This is the same problem that established companies experience. The past successes
were build on a finely tuned engine of growth. If that engine runs its course and growth
slows or stops, there can be a crisis if the company does not have new startups
incubating within its ranks that can provide new sources of growth.
Companies of any size can suffer from this perpetual affliction. They need to
manage a portfolio of activities, simultaneously tuning the engine of growth
and developing new sources of growth for when the engine inevitably runs its
course. How to do this is the subject of C12. However, before we can manage
that portfolio, we need an organizational structure, culture, and discipline that
can handle these rapid and often unexpected changes. We call this an
adaptive organization, and it is the subject of C11.
The SkyNet Stanford training program involves organically out of a
methodical approach to evolving our own process. This process of
orientation is subject to constant experimentation and revision so that it
grows more effective-and less burdensome-overtime.
We call this building an adaptive organization, one that automatically adjust
its process and performance to current conditions.
So far SkyNet has emphasized the importance of speed. Startups are in a
life-or-death struggle to learn how to build a sustainable business before
they run out of resources and die. However, focusing on speed alone would
be destructive. To work, startups require build-in speed regulators that help
teams find their optimal place of work
We saw and example of speed regulation in C9 with the use of the andon
cord system such as continuous deployment. It is epitomized in the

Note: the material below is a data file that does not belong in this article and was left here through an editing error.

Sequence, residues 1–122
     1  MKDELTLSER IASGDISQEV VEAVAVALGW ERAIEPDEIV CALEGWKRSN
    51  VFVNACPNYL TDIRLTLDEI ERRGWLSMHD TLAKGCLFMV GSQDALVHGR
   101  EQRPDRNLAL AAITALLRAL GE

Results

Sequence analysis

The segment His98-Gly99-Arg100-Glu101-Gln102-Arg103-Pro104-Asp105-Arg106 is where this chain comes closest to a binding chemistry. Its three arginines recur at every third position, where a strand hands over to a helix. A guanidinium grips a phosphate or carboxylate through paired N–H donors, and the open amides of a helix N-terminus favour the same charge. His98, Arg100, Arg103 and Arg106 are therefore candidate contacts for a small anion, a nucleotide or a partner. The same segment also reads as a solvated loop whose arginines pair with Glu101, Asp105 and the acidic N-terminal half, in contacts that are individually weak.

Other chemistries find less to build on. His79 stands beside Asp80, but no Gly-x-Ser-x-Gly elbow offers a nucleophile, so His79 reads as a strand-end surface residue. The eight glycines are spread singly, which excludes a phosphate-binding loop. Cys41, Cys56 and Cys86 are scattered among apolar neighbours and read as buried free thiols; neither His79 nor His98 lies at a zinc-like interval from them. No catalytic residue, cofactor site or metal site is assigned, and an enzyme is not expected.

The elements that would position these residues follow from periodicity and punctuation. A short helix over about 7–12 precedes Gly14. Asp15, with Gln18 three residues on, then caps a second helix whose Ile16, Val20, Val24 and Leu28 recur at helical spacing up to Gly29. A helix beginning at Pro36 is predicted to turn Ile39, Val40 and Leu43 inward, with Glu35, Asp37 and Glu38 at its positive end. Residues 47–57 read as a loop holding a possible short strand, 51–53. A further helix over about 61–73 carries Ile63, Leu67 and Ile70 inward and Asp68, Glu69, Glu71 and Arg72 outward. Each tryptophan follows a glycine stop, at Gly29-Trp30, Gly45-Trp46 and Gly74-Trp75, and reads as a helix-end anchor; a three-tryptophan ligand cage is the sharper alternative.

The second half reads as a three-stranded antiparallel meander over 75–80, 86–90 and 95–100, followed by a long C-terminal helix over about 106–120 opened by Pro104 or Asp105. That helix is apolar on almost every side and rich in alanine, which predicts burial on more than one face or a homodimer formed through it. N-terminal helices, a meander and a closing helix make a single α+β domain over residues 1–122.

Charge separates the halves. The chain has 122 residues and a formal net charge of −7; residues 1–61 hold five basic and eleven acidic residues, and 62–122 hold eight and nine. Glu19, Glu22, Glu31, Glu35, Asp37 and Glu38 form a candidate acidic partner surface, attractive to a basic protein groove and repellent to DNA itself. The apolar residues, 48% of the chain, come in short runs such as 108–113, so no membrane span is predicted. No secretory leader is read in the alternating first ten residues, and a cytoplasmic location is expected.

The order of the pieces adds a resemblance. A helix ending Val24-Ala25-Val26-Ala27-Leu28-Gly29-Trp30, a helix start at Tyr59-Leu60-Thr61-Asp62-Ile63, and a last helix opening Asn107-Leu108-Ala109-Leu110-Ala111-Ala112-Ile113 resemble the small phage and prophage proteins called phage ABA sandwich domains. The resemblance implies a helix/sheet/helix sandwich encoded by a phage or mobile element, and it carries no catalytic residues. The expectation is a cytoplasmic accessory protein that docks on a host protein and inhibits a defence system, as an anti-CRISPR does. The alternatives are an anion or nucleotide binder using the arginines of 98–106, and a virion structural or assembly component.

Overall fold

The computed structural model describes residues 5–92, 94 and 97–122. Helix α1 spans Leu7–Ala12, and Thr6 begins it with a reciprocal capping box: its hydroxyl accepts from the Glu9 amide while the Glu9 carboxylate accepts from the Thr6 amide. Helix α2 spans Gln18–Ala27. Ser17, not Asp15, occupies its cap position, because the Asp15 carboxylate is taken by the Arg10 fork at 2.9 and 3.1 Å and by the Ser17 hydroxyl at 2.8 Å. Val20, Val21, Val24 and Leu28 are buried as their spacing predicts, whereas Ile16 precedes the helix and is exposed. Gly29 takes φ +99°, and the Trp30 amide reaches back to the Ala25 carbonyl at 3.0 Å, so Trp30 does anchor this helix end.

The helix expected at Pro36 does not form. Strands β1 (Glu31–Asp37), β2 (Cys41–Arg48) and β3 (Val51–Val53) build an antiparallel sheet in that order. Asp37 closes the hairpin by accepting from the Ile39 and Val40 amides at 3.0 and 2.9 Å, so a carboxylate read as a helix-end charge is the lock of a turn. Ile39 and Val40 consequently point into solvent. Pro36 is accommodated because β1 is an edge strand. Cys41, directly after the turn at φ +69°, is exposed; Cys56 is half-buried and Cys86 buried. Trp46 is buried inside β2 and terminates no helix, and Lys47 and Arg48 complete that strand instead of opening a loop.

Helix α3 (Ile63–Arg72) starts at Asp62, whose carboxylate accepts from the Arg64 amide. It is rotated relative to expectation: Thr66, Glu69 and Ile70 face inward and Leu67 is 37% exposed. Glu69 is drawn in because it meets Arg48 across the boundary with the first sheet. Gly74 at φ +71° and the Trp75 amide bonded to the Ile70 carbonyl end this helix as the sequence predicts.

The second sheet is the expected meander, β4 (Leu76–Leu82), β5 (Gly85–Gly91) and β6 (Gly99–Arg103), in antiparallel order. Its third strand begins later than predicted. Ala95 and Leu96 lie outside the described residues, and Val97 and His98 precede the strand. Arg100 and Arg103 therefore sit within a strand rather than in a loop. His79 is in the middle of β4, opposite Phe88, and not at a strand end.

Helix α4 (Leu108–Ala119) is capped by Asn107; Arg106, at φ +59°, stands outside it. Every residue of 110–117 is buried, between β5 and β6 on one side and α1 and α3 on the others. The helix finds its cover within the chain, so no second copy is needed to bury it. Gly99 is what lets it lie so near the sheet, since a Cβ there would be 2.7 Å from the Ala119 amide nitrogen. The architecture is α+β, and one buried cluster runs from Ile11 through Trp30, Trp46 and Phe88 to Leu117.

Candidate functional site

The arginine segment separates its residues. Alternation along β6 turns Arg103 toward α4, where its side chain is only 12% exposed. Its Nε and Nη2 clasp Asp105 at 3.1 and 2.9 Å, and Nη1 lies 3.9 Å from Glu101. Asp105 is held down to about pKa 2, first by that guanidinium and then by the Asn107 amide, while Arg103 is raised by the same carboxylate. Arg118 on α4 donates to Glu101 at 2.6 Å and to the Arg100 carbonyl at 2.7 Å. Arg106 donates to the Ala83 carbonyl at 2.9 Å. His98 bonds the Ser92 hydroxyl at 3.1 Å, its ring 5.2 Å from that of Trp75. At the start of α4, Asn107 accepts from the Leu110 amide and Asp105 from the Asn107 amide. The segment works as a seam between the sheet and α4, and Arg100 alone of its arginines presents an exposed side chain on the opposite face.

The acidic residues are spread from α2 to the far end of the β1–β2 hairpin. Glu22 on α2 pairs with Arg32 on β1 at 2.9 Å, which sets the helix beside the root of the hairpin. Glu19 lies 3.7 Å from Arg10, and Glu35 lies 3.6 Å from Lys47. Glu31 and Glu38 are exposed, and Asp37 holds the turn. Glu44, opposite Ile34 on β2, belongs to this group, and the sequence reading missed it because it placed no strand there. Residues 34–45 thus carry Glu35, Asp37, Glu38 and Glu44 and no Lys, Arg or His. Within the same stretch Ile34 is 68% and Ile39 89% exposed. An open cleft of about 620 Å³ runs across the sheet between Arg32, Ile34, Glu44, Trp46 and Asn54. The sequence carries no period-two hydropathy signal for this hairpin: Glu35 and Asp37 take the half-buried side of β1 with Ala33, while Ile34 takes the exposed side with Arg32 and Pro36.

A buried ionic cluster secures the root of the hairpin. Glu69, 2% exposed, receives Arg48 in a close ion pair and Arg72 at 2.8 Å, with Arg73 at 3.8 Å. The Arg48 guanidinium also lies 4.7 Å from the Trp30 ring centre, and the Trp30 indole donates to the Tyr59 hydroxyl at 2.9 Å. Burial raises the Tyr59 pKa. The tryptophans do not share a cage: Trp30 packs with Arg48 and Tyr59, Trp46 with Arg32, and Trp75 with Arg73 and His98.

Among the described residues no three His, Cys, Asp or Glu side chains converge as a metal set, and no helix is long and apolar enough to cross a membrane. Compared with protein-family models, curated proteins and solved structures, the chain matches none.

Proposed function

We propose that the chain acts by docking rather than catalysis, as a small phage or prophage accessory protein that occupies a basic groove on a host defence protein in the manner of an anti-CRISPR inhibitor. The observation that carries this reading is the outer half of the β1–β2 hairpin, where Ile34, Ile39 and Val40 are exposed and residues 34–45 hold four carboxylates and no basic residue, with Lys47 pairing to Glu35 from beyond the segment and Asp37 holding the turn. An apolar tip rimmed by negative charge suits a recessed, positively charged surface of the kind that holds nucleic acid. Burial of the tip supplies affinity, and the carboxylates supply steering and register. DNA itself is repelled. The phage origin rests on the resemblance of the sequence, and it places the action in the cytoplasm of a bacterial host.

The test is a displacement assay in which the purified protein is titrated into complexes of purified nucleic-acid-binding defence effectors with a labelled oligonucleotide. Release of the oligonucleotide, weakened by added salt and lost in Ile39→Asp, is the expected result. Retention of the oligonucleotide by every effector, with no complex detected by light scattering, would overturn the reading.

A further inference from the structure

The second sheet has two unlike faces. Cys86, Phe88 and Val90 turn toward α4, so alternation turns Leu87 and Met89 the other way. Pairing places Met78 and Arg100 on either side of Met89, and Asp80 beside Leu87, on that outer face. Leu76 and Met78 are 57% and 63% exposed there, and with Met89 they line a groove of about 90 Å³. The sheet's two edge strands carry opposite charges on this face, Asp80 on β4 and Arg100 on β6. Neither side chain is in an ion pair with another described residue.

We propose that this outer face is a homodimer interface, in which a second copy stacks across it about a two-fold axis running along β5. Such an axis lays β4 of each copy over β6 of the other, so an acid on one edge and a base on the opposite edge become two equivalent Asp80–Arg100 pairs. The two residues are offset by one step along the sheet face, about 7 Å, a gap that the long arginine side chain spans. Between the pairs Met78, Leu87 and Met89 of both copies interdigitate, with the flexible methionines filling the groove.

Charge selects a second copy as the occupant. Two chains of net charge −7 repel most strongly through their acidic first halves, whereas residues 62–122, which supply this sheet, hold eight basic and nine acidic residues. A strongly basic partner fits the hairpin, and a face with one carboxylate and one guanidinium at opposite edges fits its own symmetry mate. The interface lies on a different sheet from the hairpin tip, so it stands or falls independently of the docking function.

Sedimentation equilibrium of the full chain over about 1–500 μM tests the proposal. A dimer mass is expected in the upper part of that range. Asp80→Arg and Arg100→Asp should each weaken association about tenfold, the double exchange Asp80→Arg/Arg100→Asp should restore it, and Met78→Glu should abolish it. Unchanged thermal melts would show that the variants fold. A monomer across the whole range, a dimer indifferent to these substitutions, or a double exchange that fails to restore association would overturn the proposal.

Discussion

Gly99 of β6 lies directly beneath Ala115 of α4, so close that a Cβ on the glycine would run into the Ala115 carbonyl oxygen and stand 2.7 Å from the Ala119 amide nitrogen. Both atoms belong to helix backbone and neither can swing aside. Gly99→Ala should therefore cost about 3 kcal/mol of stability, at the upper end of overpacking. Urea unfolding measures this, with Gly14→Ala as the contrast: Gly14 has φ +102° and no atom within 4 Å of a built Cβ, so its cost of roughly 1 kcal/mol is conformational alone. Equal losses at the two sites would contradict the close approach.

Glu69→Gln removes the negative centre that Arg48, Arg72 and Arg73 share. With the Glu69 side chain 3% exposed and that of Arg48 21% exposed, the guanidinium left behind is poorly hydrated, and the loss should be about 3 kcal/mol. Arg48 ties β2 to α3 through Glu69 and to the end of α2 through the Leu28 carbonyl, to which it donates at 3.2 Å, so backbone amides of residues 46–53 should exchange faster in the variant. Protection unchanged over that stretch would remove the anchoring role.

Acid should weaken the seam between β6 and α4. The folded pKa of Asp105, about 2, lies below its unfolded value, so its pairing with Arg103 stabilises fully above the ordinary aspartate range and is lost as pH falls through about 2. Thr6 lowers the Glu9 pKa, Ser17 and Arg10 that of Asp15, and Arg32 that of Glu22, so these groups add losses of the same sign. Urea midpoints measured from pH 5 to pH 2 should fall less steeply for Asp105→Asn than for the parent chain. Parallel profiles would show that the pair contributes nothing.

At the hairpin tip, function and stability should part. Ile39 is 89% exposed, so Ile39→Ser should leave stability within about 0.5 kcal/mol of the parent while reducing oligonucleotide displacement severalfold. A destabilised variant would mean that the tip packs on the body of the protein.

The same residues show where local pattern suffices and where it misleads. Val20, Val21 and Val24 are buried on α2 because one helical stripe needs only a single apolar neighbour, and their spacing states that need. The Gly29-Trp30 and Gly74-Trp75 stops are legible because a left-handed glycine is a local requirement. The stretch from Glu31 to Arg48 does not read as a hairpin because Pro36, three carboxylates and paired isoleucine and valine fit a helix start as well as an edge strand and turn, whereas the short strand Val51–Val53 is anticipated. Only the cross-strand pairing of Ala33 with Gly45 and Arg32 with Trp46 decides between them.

paradoxical proverb, “Stop production so that production never has to stop.”
The key to the andon cord is that it brings work to a stop as soon as an
uncorrectable quality problem surfaces-which forces it to be investigated.
This is one of the most important discoveries of the lean manufacturing
movement: we cannot trade quality for time. If we’re causing (or missing)
quality problems now, the resulting defects will slow us down later. Defects
cause a lot of rework, low morale, and customer complaints, all of which
slow progress and eat away at valuable resources.
The higher-quality of the existing playbook is, the easier it will be for it to
evolve over time. By contrast, a low-quality playbook will be filled with
contradictory or ambiguous rules that cause confusion when anything is
When we teach the lean SkyNet approach to members with an engineering
background, this is one of the hardest concept to grasp. On the one hand, the
logic of validated learning and the minimum viable product says that we should
get a product into members hands as soon as possible and that any extra work
we do beyond what is required to learn from members is waste. On the other
hand, the Build-Measure-Learn feedback loop is a continuous process. We
don’t stop after one minimum viable product but use what we have learned to
work immediately on the next iteration.
Sephora, Short Cuts taken in product quality, design, or infrastructure today
may wind up slowing a company down tomorrow.
However, as our learning allows us to build products that members do want, we
face slowdowns. Having a low-quality product can inhibit learning when the
defects prevent members from experiencing (and giving feedback on) the
product’s benefits. In SkyNet’s case, as we offer the product to more
mainstream members, they will be much less forgiving than early adopters have
been. Similarly, the more features we add to the product, the harder it becomes
to add even more because of the risk that a new feature would interfere with an